Mitch McConnell Facing Removal From Angry Republican Base

( Republicans are looking to regain control of the Senate following the 2022 midterm elections, but there are some in the party who are hoping that Mitch McConnell isn’t the GOP’s leader if it does happen.

McConnell, who is currently the Senate minority leader, has long been considered Congress’ most powerful Republican, with many in the party being very careful not to anger him or else suffer his ire. Because he’s been in the leadership position for so long, McConnell was able to play a crucial role in reshaping the federal courts, including the Supreme Court, as well as the political agenda for the country.

Now, though, many pro-Trumpers in the GOP are working behind the scenes to unseat McConnell as the leader of the Republican Party in the Senate.

As Axios reported recently, though, taking on McConnell directly is no easy task. People who do so risk getting on his wrong side and finding themselves ostracized to low-level roles in the Senate. McConnell also has a trove of campaign cash that he can use at his disposal however he wants.

That isn’t scaring off some people from challenging McConnell, though, especially as they look to gain more favor with former President Donald Trump himself. While McConnell and Trump once had a solid relationship, that soured as the Senate GOP leader refused to back the former president’s claims of election fraud.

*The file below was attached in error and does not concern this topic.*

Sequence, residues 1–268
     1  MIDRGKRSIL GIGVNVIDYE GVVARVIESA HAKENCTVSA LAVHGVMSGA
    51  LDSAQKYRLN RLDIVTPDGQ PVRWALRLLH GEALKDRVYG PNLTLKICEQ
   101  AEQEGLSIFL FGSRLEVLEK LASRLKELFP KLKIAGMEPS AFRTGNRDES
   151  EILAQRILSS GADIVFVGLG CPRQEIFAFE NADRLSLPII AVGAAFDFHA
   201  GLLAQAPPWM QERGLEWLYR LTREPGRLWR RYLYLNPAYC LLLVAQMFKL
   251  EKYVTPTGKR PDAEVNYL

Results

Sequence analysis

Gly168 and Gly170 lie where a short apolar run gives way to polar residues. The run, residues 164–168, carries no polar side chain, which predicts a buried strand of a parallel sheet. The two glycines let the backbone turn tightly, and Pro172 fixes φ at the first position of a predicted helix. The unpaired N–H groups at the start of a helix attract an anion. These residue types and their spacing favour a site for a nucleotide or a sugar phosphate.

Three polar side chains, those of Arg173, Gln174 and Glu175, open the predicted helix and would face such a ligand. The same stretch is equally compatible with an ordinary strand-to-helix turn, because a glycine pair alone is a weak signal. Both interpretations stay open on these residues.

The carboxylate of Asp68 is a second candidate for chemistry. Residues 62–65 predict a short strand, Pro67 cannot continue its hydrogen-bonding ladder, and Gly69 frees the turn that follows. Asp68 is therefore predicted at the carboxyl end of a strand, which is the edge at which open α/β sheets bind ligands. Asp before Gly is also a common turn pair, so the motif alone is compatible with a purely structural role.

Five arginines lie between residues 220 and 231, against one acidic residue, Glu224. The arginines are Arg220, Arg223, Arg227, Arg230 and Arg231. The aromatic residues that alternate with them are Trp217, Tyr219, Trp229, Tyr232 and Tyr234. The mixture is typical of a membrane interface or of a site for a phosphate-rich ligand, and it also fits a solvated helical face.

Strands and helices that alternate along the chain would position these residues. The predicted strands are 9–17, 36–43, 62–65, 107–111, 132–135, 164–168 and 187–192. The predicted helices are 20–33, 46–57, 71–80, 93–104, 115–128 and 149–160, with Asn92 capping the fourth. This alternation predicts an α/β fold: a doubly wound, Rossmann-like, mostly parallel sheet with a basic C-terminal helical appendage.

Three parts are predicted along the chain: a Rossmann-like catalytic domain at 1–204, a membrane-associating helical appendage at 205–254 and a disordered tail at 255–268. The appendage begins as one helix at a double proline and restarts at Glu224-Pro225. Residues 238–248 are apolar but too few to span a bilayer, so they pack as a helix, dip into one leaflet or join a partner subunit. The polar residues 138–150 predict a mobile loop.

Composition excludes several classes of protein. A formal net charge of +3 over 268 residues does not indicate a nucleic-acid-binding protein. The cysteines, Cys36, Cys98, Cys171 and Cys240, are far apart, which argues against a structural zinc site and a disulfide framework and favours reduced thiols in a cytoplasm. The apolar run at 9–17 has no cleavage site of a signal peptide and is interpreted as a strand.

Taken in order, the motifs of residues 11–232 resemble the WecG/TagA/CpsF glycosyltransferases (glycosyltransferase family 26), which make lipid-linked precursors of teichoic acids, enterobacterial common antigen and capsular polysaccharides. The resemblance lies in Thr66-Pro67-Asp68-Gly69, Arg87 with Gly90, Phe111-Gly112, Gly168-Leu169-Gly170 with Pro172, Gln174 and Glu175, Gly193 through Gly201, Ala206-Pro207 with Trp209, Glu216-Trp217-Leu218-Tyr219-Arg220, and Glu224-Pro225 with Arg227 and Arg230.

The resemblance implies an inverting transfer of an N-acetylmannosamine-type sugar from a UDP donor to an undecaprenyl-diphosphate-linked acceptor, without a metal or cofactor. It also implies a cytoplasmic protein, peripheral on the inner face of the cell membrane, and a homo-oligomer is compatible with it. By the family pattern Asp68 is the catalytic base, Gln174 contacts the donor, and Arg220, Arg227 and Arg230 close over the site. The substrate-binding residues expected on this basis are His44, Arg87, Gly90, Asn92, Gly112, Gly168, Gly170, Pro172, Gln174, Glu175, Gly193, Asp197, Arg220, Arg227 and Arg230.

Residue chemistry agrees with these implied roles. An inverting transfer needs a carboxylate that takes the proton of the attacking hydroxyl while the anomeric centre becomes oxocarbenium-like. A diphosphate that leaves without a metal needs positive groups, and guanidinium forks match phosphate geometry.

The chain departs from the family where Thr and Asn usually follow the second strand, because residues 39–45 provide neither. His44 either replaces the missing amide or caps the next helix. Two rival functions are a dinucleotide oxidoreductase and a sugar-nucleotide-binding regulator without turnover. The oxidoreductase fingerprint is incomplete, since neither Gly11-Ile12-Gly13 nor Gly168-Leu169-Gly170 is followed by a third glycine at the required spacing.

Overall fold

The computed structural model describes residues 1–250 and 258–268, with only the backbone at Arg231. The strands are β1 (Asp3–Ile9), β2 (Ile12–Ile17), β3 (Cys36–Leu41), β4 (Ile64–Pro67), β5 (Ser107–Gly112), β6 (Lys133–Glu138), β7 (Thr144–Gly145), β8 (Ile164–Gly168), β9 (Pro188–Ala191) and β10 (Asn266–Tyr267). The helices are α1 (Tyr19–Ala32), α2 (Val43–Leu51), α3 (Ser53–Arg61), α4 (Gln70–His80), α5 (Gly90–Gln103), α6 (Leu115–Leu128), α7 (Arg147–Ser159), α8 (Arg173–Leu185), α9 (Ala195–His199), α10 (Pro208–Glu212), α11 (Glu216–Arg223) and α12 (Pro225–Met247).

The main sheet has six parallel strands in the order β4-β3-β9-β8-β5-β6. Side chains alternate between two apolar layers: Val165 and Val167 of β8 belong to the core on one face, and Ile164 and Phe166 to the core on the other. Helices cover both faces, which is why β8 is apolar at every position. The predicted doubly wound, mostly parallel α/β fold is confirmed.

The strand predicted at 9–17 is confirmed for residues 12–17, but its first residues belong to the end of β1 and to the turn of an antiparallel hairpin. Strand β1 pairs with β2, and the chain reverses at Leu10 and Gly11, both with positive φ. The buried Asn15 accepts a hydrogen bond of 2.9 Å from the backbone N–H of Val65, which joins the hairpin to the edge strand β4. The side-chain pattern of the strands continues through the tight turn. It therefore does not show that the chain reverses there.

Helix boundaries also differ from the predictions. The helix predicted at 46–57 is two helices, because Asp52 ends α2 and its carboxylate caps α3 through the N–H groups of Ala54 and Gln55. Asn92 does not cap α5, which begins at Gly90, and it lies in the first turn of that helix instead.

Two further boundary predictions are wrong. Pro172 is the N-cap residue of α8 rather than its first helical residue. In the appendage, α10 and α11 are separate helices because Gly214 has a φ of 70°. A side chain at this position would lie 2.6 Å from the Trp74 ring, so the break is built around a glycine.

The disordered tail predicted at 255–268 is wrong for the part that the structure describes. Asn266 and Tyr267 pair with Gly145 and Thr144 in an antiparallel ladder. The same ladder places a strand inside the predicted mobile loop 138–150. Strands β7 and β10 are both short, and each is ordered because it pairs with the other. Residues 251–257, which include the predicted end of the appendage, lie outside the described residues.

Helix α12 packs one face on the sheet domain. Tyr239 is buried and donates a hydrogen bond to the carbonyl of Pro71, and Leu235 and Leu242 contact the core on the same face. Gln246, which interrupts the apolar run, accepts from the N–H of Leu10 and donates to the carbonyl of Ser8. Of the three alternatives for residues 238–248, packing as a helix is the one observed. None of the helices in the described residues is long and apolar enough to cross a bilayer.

Over the weekend, the Trump party took direct aim at McConnell when a spokesperson for the former president tweeted a statement that read:

“What is wrong with this Broken Old Cow? He’s hurting the Republican Senators and the Republican Party. When will they vote him out of Leadership?”

Those who are most likely to challenge McConnell’s leadership are Trump followers who are trying to take down RINO incumbents. One is Kelly Tshibaka, an Alaska Republican who’s trying to oust incumbent Senator Lisa Murkowski — long a Trump opposer — in the upcoming primaries.

On Monday, Tshibaka said:

“When I defeat Murkowski and become Alaska’s next U.S. senator, I will not support Mitch McConnel as leader. It’s time for new, America First leadership in the Senate.”

Another person who has pledged to do the same is Eric Greitens, a former governor of Missouri who’s running to fill a Senate soon to be left vacant when Roy Blunt departs.

An adviser for Greitens, Steven Cheung, who’s also a former official in the Trump administration, said that opposing McConnell could end up being a “litmus test” for Republican political campaigns that want to show how loyal they are to the former president.

He said that research that came from Tony Fabrizio, a pollster for the GOP, indicated that “in the primary, if you’re anti-Mitch, your numbers go up. It’s a test for how Trumpian you are.”

Major conservative media figures are speaking out against McConnell, too. As part of a segment for the funeral of Bob Dole, Fox News’ Tucker Carlson said of McConnell:

“In Washington, he’s known as the nastiest old woman in town … This is hardly the first time McConnell has done something vicious like this, but we thought going forward we would start telling you about it, because why wouldn’t we?”